It’s hard to believe that some of the towns in the Hudson Valley can date back to the 1600s. We may pass older buildings, monuments or signs that display the history that surrounds us. I always love learning more about this beautiful area and all that inhibits the Hudson Valley.

Walden is a town located within Orange County. Until you stop and look around at the history, you would not have guessed the impact that this little town had on the world.

Let us take a step back in time to find out the history that lays in Walden.

The settlers

The first settlers in Walden were Native Americans who traveled along the banks of The Wallkill River. This route helped with transportation. By the 1650s, Europeans arrived along The Wallkill River as well in which they made this their permanent home. Over time, the settlers consisted of farmers, traders and more.

The name

Walden got its name from Jacob T. Walden who had his own mill where cotton and cloths were made. By 1840, Walden was known as one of the major manufacturing centers in Orange County for wool.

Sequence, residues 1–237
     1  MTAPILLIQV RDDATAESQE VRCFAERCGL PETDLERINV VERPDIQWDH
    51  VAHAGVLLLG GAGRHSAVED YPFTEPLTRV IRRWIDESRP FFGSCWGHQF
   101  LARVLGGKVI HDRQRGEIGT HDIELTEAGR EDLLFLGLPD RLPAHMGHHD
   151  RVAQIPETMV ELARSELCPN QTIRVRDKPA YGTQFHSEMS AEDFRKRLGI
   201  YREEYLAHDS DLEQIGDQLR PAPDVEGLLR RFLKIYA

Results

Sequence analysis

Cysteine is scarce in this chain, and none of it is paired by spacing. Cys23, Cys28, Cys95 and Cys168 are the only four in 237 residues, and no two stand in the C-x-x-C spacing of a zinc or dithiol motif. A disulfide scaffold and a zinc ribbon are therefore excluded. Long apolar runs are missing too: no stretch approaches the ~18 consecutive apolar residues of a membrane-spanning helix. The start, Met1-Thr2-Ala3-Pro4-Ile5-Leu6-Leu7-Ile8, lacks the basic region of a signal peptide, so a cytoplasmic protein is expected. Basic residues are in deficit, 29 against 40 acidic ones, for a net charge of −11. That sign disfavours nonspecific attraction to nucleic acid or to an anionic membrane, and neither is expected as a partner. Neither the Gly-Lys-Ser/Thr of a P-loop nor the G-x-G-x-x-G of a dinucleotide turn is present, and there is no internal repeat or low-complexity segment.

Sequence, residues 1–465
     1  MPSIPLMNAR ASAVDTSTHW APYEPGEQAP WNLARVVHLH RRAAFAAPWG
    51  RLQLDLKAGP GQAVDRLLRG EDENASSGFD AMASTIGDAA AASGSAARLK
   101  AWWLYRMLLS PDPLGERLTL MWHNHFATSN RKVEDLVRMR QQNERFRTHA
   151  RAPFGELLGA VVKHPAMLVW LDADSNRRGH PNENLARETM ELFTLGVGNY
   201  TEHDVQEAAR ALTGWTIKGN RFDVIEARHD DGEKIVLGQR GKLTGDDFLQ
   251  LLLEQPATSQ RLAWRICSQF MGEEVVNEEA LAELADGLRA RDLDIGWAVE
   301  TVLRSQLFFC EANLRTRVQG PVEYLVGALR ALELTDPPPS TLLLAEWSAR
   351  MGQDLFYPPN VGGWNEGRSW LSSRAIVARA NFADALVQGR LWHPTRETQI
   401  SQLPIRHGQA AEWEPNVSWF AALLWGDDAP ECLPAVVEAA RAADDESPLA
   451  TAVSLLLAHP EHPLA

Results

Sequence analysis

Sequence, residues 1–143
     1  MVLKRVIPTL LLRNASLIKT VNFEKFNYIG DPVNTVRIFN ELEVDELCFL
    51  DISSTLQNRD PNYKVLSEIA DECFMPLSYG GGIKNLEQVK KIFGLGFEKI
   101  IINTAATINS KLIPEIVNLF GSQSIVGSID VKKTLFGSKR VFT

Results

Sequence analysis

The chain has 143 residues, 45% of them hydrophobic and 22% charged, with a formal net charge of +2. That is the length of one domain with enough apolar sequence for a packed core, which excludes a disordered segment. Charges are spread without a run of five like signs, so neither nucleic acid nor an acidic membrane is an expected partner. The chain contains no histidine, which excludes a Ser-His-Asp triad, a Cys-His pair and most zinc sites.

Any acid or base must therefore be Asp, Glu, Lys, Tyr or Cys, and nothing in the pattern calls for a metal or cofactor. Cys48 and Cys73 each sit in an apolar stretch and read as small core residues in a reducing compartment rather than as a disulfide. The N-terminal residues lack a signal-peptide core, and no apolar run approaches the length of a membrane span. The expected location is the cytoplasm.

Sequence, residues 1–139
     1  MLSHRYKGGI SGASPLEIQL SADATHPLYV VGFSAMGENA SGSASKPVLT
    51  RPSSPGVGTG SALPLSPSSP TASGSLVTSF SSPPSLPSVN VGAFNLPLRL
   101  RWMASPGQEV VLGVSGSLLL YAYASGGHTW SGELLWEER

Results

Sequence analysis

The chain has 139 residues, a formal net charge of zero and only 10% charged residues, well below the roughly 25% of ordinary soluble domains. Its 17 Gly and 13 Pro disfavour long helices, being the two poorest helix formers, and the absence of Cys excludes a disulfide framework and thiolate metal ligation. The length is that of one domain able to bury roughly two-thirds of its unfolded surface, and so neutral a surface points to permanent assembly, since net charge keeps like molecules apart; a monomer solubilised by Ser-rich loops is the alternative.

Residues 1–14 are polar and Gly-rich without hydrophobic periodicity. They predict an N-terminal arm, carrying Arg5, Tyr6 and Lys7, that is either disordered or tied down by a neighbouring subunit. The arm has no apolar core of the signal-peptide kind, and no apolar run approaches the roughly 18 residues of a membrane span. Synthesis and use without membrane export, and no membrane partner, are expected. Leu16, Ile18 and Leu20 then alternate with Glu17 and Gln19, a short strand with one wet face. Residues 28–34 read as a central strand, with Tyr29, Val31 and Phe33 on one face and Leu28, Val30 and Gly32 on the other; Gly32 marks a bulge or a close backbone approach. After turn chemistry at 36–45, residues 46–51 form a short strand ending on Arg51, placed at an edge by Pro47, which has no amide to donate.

Walden’s Knife Company

This was my favorite story about Walden. Due to the success behind the wool making that took place, the production of cutlery became prominent. The New York Knife Company was then born and known as the first cutlery and knife factory within Walden. On site, there were 28 buildings that produced the first Boy Scouts of America knife. Have you heard of Hammer Brand knives? They were also made there too.

You can see the grounds from its located-on Orchard Street & West Main. While driving through Walden, be on the lookout for the historical sign that highlights the knife factory.

The title, “Little Sheffield”

Have you ever heard this title when referring to Walden? Maybe this is something that the local historian knew best. This title came from the creation of the success of the knife and cutlery business. Walden became the cutlery capital of the US.

Did you know the history behind Walden? Have you ever visited there before? Share your responses below.

Abandoned Buildings Of The Hudson Valley